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The Zika Virus: WHO declares global health emergency

By Isadora Linheira

The World Health Organization (WHO), declared a global health emergency this morning due to the rapid spread of the Zika Virus, which has been linked to birth defects in the Americas, saying that the virus poses a public health threat to many other countries around the world.

The mosquito-borne virus is believed to be the cause of a surge in babies born with brain defects and abnormally small heads in Brazil. Last month the U.S Centers for Disease Control (CDC) issued an updated travel alert warning pregnant women to either cancel or delay travel to 22 different destinations, mostly in the Caribbean and Latin America, where outbreaks of the virus have been confirmed.

The Zika virus was first found in 1947 in Uganda but until it showed up in Brazil last year, wasn’t believed to cause any serious illness. Brazilian authorities have asked WHO to investigate the connection between the virus and a huge number of babies born with microcephaly, a condition in which the child is born with an abnormally small head and missing or underdeveloped parts of the brain. Though, microcephaly tends to occur more sporadically, only in Pernambuco – northeast Brazil, 300 microcephaly cases occurred per 10,000 births, an alarming amount. Brazil authorities announced that since October of last year around 4,000 babies have been born with microcephaly.

Michael Osterholm, an infectious disease expert at the University of Minnesota, told the Associated Press, that it was still unclear how the virus had evolved since it first emerged in Uganda but that even minor mutations could have serious consequences. Osterholm and other experts believe the Zika virus has found the perfect breeding ground in Brazil due to the tropical regions large population of mosquitoes, who transmit the virus, and many Brazilians with no immunity to the new mutated Zika strand.

The CDC recently found the fingerprint of the Zika virus on the placentas of women who gave birth to affected babies.  At least nineteen of the babies born with microcephaly have died.

One of the first symptoms of the Zika virus is severe muscle weakness and tingling, usually starting in the legs and then spreading upward till it paralyzes most of the body. Because of the similarities to the Guillain-Barre syndrome in El Salvador, WHO is investigating a possible link between the two diseases. Guillain-Barre has also been reported in patients with likely Zika infection in French Polynesia and Brazil.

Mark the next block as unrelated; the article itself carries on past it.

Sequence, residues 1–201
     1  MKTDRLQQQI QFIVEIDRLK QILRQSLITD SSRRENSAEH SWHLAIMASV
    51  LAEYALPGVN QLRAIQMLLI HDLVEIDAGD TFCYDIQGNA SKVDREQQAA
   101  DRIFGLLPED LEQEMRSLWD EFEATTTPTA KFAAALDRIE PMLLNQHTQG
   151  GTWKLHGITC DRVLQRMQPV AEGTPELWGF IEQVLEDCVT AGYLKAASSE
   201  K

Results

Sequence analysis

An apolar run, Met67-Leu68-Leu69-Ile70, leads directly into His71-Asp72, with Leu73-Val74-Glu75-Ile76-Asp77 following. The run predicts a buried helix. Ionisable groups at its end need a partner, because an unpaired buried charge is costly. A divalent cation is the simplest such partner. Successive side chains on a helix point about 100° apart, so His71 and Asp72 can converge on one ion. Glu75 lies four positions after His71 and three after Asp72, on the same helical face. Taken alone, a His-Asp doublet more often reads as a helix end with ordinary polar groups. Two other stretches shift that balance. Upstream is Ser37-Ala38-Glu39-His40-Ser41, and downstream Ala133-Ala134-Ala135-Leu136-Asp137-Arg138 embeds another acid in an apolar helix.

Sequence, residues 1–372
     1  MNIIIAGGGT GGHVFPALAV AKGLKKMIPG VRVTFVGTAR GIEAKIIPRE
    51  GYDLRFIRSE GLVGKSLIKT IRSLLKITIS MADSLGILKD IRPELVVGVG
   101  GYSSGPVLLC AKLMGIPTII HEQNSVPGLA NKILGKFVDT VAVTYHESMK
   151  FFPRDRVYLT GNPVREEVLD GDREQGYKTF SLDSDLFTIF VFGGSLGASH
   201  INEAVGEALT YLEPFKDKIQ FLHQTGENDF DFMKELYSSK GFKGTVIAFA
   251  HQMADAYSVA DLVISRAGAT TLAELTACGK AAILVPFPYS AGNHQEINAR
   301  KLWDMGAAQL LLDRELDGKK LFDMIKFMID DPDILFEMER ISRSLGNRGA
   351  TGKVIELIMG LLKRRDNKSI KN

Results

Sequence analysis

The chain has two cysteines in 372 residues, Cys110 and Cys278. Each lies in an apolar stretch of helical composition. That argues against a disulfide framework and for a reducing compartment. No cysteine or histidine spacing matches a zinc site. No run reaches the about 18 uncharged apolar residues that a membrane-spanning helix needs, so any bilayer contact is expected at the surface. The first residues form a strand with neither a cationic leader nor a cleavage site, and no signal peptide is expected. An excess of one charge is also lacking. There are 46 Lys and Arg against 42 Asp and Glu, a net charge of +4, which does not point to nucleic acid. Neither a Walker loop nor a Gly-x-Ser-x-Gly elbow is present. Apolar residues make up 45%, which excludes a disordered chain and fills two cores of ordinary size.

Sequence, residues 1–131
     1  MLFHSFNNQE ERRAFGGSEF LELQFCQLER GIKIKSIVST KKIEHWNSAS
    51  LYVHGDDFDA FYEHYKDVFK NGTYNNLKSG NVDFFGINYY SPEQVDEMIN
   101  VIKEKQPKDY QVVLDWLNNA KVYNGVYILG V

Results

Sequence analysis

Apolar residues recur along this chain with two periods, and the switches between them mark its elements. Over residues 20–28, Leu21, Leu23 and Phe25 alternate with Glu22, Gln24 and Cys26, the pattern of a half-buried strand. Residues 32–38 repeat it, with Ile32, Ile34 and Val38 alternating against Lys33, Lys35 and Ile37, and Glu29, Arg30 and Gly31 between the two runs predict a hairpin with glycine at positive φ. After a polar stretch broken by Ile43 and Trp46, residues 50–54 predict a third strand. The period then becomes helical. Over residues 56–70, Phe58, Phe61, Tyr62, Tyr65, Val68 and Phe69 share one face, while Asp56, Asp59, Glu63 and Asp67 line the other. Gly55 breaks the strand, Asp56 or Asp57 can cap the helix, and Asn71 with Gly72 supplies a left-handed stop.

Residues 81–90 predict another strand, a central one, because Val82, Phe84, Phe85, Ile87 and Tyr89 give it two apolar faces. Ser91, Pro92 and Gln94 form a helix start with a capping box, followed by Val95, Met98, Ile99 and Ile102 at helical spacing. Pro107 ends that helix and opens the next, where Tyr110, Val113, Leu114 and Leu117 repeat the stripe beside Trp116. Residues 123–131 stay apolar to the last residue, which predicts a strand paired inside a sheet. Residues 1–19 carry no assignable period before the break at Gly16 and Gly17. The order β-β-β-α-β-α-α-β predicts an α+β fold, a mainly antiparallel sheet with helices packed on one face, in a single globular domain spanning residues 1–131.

The incubation period for the Zika virus is anywhere from three to 12 days. For every 10 people infected, 8 show no symptoms, the other 2 will get fever, muscular and joint aches and pain, rashes, red eyes, lack of energy, constant weakness, malaise and headaches. Patients who exhibit these symptoms and are admitted to a hospital usually feel better within two to seven days.

There is no medication to kill the virus as of yet, the only treatment’s available are the “supportive” methods, meaning ibuprofen or acetaminophen to ease the fever. Medical authorities in Brazil are currently working to develop a vaccine.

WHO has announced that protection against the mosquitos that spread the virus is fundamental, including insect repellents, protective clothing and nets. WHO has also recommended that any spot with standing water, where the mosquitos breed and develop, should be eliminated.

Some parts of the United States could see homegrown outbreaks later this year, however Puerto Rico and the U.S. Virgin Islands are at the most immediate risk.  The U.S. Gulf Coast has mosquitos that can carry the Zika virus, and several U.S. states including Illinois, Florida, Hawaii and New York State have had imported cases. Recently, Hawaiian authorities reported the first child born in the U.S. with microcephaly. According to the report, the baby’s mother was pregnant while living in Brazil, where it is believed she contracted the virus.

The mosquito Aedes Aegypti, trasmitter of the Zika virus, Dengue fever and Chikungunya.

The mosquito Aedes Aegypti, trasmitter of the Zika virus, Dengue fever and Chikungunya. Photo courtesy of the Centers for disease control.

 

 

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